Establishing the facts
Beyond their contentious declaration that puberty blockers should be classed as "experimental", the most important ‘fact’ the judges claimed to have identified was that “practically all children/young people who start puberty blockers progress on to cross-sex hormones”.

It was this that radically increased the complexities facing children, they argued, because it followed that, to achieve Gillick competence, the child would have to understand not simply the implications of taking puberty blockers but those of progressing to cross-sex hormones.

For the judges, what clinicians had widely assumed to be two separate treatments became, in legal terms, essentially one, based on their apparent assumption that the administration of puberty blockers rendered a child incapable of refusing treatment with cross-sex hormones once they reached 16.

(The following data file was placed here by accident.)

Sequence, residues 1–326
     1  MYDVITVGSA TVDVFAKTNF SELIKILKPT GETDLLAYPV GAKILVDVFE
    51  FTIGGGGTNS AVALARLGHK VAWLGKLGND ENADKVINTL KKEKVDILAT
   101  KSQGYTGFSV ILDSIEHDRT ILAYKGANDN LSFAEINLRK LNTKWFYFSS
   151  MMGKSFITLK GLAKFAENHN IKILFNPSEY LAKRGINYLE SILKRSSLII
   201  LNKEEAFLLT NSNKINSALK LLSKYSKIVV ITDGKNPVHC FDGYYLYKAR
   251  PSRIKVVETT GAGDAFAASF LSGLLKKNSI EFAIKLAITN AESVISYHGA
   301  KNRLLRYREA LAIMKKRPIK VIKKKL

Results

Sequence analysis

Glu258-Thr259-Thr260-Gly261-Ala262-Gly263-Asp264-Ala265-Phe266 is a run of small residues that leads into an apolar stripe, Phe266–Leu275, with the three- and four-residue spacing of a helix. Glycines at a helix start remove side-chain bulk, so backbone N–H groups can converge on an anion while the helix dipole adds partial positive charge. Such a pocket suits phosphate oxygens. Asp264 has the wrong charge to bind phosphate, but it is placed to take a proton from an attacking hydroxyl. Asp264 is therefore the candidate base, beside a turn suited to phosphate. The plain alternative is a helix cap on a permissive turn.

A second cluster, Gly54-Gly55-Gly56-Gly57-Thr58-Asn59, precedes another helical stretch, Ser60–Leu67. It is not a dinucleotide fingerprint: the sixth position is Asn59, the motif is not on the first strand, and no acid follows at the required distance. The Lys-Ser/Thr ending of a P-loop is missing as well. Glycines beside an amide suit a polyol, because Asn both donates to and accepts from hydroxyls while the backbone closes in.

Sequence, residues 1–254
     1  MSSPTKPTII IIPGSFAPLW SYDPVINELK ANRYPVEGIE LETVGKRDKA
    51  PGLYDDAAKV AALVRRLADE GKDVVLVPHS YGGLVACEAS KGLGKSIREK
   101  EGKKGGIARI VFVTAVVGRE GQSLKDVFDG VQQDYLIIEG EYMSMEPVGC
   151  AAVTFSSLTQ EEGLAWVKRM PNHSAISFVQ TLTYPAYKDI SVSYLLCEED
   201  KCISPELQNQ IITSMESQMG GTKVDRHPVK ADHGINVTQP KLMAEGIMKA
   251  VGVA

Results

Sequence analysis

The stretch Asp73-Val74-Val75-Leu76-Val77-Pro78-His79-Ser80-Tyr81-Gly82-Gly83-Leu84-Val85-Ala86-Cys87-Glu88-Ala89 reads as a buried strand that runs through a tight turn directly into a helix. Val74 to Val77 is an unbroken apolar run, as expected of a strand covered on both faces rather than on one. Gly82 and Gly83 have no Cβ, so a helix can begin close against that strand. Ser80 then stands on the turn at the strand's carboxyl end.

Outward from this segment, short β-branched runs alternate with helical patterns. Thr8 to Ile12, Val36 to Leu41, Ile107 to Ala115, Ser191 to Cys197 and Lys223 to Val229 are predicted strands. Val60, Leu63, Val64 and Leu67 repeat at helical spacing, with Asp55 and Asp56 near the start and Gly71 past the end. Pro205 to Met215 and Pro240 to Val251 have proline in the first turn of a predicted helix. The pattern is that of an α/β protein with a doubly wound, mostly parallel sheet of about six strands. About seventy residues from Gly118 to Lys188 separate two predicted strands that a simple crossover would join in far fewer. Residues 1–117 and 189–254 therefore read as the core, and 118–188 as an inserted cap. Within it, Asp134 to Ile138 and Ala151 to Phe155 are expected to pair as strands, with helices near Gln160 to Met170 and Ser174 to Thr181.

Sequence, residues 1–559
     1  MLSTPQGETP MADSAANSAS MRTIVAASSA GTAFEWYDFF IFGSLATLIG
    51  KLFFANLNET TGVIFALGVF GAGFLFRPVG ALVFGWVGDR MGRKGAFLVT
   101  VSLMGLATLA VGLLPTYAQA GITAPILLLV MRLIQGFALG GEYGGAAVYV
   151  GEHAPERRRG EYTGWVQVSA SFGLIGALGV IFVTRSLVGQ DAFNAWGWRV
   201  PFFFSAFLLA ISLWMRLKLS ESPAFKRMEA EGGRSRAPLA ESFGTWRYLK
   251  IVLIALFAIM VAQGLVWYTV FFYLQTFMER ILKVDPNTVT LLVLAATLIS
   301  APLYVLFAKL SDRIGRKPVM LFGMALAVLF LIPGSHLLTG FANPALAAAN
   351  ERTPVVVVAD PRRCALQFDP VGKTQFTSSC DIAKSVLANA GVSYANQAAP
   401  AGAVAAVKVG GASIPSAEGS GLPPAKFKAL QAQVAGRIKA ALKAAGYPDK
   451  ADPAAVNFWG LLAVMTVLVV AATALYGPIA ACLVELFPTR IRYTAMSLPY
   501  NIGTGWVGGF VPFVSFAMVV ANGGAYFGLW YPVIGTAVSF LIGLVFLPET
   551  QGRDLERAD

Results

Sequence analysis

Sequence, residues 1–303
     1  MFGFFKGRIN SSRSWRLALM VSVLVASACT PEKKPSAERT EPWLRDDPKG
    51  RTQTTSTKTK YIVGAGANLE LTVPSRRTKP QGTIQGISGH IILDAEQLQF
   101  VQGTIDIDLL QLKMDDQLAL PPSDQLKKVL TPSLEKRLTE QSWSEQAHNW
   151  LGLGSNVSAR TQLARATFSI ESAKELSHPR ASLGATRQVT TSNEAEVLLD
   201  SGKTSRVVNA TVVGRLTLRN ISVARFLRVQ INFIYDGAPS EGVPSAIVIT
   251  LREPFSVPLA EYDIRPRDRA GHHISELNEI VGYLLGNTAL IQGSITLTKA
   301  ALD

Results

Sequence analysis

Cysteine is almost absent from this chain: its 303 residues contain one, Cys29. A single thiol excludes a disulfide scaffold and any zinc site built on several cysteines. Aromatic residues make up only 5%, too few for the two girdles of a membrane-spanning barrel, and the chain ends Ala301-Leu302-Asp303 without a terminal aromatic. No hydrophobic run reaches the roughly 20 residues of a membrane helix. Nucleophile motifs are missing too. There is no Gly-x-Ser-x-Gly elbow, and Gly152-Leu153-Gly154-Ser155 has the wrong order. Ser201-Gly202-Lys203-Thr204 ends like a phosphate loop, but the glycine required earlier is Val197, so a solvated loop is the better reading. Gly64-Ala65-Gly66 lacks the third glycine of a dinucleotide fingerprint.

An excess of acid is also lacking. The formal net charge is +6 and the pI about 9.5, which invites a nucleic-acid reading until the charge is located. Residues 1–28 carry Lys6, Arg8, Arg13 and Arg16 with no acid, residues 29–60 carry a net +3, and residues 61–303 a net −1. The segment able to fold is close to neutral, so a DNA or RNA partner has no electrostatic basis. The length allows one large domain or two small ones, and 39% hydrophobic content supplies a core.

Therefore, the judges continued, the relevant information a child would have to understand, retain and weigh up in order to have the requisite competence in relation to puberty blockers, would be as follows:

  • The immediate consequences of the treatment in physical and psychological terms.
  • The fact that the vast majority of patients taking puberty blockers go on to cross-sex hormones and therefore that s/he is on a pathway to much greater medical interventions.
  • The relationship between taking cross-sex hormones and subsequent surgery, with the implications of such surgery.
  • The fact that cross-sex hormones may well lead to a loss of fertility.
  • The impact of cross-sex hormones on sexual function.
  • The impact that taking this step on this treatment pathway may have on future and lifelong relationships.
  • The unknown physical consequences of taking puberty blockers.
  • The fact that the evidence base for this treatment is, as yet, highly uncertain.